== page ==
it. Let’s be honest: if there’s a manager in baseball who spends his
offseason building weather-controlling satellites and wishes to one day
destroy the sun itself, it’s Tony La Russa. The man is not exactly the
type to simply defer to nature or anything else. Pfun Pfact: Cards GM
John Mozeliak was on NPR yesterday afternoon being interviewed about
the fact that the team plans on taking the train from D.C. to Philly in
advance of tonight’s game, which is kind of cool. To get in the
era-of-train-travel mood they should all wear suits and smoke too.

Yankees 6, A’s 3: ESPN’s little “Fast facts” box
said “The Yankees came back from four runs down to win their seventh
straight game . . . New York trailed 4-0 before scoring four runs in
the fourth inning.” What happened? Did New York have to begin the game
with -1 runs for some reason, or was Oakland docked one?

Diamondbacks 11, Pirates 4: In a rare events, the Dbacks scored
a lot in a Dan Haren start. Unfortunately for Dan, most of the runs
came after he left the game, so he got a no-decision. Chad Tracy hit a
pinch-hit three-run homer that broke the game open. I have this feeling
that it will not, however, inspire the kind of ruckus Manny Ramirez’s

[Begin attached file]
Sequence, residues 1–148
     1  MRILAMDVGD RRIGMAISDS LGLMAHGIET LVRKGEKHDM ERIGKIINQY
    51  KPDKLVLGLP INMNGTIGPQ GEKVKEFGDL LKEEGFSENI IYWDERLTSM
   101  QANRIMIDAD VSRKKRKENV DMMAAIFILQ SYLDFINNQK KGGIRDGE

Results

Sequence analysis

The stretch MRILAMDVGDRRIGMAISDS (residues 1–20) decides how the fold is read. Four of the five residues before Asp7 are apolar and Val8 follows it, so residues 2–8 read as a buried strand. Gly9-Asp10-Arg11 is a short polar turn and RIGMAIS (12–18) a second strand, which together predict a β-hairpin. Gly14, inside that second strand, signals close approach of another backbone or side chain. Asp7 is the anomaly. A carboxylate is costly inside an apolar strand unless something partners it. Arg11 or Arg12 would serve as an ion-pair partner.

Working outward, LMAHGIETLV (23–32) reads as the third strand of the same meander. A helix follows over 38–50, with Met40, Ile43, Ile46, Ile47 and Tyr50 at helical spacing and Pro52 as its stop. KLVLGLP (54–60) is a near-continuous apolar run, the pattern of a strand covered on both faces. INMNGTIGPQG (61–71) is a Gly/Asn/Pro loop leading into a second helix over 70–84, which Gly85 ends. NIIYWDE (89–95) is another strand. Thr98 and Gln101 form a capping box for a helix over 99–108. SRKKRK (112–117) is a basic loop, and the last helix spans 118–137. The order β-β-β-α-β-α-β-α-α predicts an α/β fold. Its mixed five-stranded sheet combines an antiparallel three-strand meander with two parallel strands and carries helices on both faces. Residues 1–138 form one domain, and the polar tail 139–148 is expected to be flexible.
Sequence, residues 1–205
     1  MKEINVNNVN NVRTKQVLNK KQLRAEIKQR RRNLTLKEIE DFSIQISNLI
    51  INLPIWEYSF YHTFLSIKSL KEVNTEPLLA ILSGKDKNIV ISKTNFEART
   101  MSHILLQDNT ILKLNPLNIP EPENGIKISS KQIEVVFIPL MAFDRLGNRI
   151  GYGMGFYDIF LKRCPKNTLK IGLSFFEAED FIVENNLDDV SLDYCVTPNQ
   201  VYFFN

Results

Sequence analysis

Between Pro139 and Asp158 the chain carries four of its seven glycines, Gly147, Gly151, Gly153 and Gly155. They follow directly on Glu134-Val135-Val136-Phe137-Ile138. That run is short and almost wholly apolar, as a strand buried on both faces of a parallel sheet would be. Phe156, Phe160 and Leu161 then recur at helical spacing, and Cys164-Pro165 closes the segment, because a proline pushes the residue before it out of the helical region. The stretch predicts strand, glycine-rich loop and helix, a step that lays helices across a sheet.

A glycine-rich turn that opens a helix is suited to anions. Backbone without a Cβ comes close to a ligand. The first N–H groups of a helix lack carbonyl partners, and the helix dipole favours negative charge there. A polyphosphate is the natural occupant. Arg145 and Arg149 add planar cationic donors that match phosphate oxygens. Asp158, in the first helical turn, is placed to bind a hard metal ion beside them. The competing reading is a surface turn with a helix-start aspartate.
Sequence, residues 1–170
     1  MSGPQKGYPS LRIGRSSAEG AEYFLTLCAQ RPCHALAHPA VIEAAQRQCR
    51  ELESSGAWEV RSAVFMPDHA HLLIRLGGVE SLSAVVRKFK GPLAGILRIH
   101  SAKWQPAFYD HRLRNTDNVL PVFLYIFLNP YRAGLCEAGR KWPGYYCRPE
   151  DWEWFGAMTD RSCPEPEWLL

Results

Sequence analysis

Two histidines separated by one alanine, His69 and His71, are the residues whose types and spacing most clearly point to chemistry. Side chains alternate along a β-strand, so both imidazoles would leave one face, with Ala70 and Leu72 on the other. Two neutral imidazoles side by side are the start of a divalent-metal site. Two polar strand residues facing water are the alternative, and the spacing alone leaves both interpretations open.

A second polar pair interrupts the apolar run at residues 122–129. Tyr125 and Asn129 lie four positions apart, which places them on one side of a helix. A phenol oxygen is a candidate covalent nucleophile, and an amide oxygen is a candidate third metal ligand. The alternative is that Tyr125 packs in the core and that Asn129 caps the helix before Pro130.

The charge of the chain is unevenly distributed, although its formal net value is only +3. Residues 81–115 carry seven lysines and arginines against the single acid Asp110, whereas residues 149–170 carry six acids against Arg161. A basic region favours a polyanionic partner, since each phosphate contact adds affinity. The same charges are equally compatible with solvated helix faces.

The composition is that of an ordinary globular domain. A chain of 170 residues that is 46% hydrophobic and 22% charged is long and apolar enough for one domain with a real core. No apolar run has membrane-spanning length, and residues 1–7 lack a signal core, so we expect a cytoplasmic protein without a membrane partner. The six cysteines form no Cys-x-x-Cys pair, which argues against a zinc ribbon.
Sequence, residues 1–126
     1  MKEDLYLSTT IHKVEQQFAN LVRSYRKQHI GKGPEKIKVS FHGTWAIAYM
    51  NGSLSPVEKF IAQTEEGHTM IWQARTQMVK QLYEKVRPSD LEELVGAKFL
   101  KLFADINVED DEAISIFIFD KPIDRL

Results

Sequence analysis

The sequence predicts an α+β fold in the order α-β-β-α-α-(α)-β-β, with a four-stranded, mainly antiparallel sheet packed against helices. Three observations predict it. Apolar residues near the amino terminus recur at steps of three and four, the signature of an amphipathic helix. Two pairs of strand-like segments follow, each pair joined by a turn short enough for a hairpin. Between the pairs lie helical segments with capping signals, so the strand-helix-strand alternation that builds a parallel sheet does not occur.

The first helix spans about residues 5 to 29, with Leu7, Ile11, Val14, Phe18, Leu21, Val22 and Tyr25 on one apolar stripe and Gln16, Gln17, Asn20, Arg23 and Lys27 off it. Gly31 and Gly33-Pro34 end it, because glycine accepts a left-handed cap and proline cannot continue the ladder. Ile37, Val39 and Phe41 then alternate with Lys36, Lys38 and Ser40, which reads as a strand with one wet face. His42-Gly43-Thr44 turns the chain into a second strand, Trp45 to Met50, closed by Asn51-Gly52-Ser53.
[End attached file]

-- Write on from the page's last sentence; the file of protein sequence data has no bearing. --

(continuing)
did the day before.

Angels 6, Twins 5: Howie Kendrick hit one up the middle in the
ninth that ricocheted off of Joe Nathan’s glove and then hit the second
base bag, preventing anyone from making what would have been a
game-ending play and allowing the tying run to score. Not a hell of a
lot you can do about that if you’re the Twins except to hope you don’t
miss the playoffs by one game this year and spend all winter thinking
about stupid bounces.

Report: Tim Lincecum is not ready for retirement

ANAHEIM, CA - JULY 29:  Tim Lincecum #55 of the Los Angeles Angels during the second inning of the game against the Boston Red Sox at Angel Stadium of Anaheim on July 29, 2016 in Anaheim, California.  (Photo by Jayne Kamin-Oncea/Getty Images)
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Free agent right-hander Tim Lincecum isn’t ready to hang up his cleats just yet. At least, that’s the word from Lincecum’s agent, Rick Thurman, who says the 32-year-old is still “throwing and getting ready for the season” (via Andrew Baggarly of the San Jose Mercury News).